Latvia’s economy has attracted international attention out of all proportion to its size. Many observers know that Latvia returned to strong economic growth after a severe downturn in 2008 and 2009 and a tough austerity program. In late 2012, Latvia even repaid the IMF in full, several years early.
But the international consensus ends there. Critics of Latvia’s economic strategy point to continuing high rates of unemployment and poverty; advocates point to the benefits of frontloading spending cuts and tax increases to lay the foundations for recovery.
Each side has a point. 2008 and 2009 were traumatic years for Latvia. Unemployment surged to over 20 percent, and poverty rates remain high by EU standards. This is why the IMF has consistently made the case for a strong social safety net in Latvia.
Severe downturn, then steady recovery
What happened in 2008 and 2009 needs to be seen in the context of what went wrong before.
At first glance, Latvia’s economic performance between 2004 and 2007—real GDP growth averaging 10 percent annually—seemed like a tour de force. But it was a steroid-fueled performance. Credit flowed freely and asset prices boomed. Average wage growth reached 20 to 30 percent annually, far outrunning productivity. And the government of the day spent the boom-related increases in revenue—from the cyclical perspective, at exactly the worst time. The headline fiscal deficit stayed low but the structural fiscal position weakened. Latvia ran up massive current account deficits of over 20 percent of GDP in 2006 and again in 2007. So when the global crisis struck Latvia in 2008, the wheels came off.
Latvia’s response—sticking to the long-standing exchange rate peg to the euro, and implementing a fiscal adjustment of over 15 percentage points of GDP—also needs to be seen in the context of two more country-specific facts:
- Latvia’s financial system is already very highly “euroized”. When Latvia requested its EU-IMF loan in 2008, some 70 percent of bank deposits and nearly 90 percent of loans were in foreign currency, mainly euros.
- In Latvia, the crash came first, and then the fiscal austerity, not the other way around. The output collapse of 2008 and 2009 ran most of its course already in the first half of 2009. But the massive fiscal consolidation effort began in earnest only in the second half of 2009, with the supplementary budget approved in June 2009.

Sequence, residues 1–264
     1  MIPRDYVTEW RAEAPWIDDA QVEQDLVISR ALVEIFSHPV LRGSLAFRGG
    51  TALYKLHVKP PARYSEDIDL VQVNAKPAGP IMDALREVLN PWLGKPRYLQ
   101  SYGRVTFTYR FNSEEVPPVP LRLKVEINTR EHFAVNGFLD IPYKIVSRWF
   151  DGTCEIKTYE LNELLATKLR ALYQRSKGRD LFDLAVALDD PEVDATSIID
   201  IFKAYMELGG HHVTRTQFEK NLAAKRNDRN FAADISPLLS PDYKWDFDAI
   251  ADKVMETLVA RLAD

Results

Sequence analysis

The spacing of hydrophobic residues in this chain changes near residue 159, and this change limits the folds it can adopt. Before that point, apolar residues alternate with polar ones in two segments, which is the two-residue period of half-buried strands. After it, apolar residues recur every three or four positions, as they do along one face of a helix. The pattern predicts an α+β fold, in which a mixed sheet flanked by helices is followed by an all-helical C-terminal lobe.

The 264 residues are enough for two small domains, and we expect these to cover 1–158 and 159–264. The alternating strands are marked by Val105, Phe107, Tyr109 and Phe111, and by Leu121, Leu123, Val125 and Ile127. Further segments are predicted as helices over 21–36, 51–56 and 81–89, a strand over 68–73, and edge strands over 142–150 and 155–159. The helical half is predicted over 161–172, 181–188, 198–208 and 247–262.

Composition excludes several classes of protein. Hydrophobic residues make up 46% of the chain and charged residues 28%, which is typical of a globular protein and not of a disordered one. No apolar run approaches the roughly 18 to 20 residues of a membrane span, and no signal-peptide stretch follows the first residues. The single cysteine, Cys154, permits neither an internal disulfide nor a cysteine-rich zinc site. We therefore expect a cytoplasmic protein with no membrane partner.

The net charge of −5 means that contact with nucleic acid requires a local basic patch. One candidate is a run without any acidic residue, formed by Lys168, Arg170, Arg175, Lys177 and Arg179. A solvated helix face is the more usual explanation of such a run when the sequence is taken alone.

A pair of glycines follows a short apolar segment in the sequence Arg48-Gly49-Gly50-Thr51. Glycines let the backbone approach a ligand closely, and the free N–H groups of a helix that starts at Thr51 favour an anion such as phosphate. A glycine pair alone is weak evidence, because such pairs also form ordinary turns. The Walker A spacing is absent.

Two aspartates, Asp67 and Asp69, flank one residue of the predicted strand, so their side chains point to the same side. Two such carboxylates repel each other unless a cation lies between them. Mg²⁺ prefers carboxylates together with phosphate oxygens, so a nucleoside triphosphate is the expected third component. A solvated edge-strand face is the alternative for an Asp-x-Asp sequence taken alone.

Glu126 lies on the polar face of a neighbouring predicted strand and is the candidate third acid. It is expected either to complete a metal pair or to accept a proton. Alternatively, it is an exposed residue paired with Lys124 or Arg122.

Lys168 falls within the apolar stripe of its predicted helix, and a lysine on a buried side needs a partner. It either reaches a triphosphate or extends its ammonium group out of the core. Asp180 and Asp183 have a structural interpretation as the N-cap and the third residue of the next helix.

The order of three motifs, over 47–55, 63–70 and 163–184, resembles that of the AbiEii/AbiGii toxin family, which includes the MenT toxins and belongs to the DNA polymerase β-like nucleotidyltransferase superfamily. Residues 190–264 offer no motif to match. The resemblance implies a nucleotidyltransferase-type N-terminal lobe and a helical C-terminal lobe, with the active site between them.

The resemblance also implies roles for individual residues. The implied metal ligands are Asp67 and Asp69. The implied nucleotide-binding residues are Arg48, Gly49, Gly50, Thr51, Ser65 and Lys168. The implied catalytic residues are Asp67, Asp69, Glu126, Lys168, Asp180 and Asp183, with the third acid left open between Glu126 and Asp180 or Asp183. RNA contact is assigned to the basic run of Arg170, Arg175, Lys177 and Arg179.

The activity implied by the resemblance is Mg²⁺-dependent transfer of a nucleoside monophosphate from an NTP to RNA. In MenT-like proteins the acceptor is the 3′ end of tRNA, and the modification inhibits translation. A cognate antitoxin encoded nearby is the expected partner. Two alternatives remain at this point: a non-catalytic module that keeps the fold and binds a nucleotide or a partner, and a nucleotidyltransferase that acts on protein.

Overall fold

Since then, the economy has been recovering steadily. Latvia stuck to its economic policy course. External and structural fiscal imbalances that had ballooned before the crisis have been brought back under control.
We will know in coming months whether Latvia will qualify to adopt the euro in 2014. For a country that kept its peg to the euro even under severe strain in 2008 and 2009—and whose people earn wages and pay day-to-day bills in local currency but save, borrow, and pay for mortgages in euros—the economic case for euro adoption is strong.
Latvia is stable again. But things aren’t perfect. The unemployment rate has fallen to between 13–14 percent: well down from the peak, but still high even allowing for emigration.
Sustaining the recovery
Our new paper on Latvia asks three questions:
- Is Latvia’s economic activity back in line with its potential? Is still-high unemployment structural or cyclical?
- After years of economic policy discipline and reform efforts, what further microeconomic reforms could support sustainably higher growth?
We find that Latvia still has a negative output gap of about 2½ percent of potential output. This is much closer to balance than before. Latvia swung from overheating (positive output gap) of up to 10 percent before the crisis, to a slump (negative output gap) of some 13 percent in 2009. We also estimate Latvia’s rate of unemployment if the economy is neither overheating nor slumping—the non-accelerating inflation rate of unemployment—at around 12–13 percent. The analysis finds the rate would have been fairly steady over the past few years, even taking into account some hysteresis—that is, when unemployment persists and becomes permanent—in 2011 and 2012.
This means that the high level of unemployment in Latvia is largely structural (it’s not about the cycle). At the same time, it is true that the increase in unemployment through the crisis was largely cyclical. Why does this add up? Because when the unemployment rate fell below 6 percent in 2007, it couldn’t last: the economy was badly overheating at the time.
Our paper also focuses on three areas where sectoral reforms could bear most fruit: improving the efficiency of the legal system, including curbing abuses of the insolvency procedures; improving governance and transparency of state-owned enterprises, and upgrading the quality of vocational and higher education. The good news: the authorities also recognize the case for reform in these areas, and are planning accordingly. But implementation largely lies ahead.
From the perspective of higher growth, employment, and living standards, it will be implementation that matters. A more efficient legal system would improve the business environment and promote investment. An education sector that better responds to the needs of employers would boost productivity and reduce skills mismatches. And tax-benefit reforms could promote incentives to work, consistent with a safety net that adequately protects the poorest—an IMF concern throughout the program.
The policy debate on Latvia has so far tended to focus on how the country dealt with its crisis and regained its stability, at a high price. We hope more attention can now turn to how Latvia can promote economic growth in the future. But this time, growth not fueled by fiscal or financial doping, but underpinned by quality microeconomic reforms whose results can endure.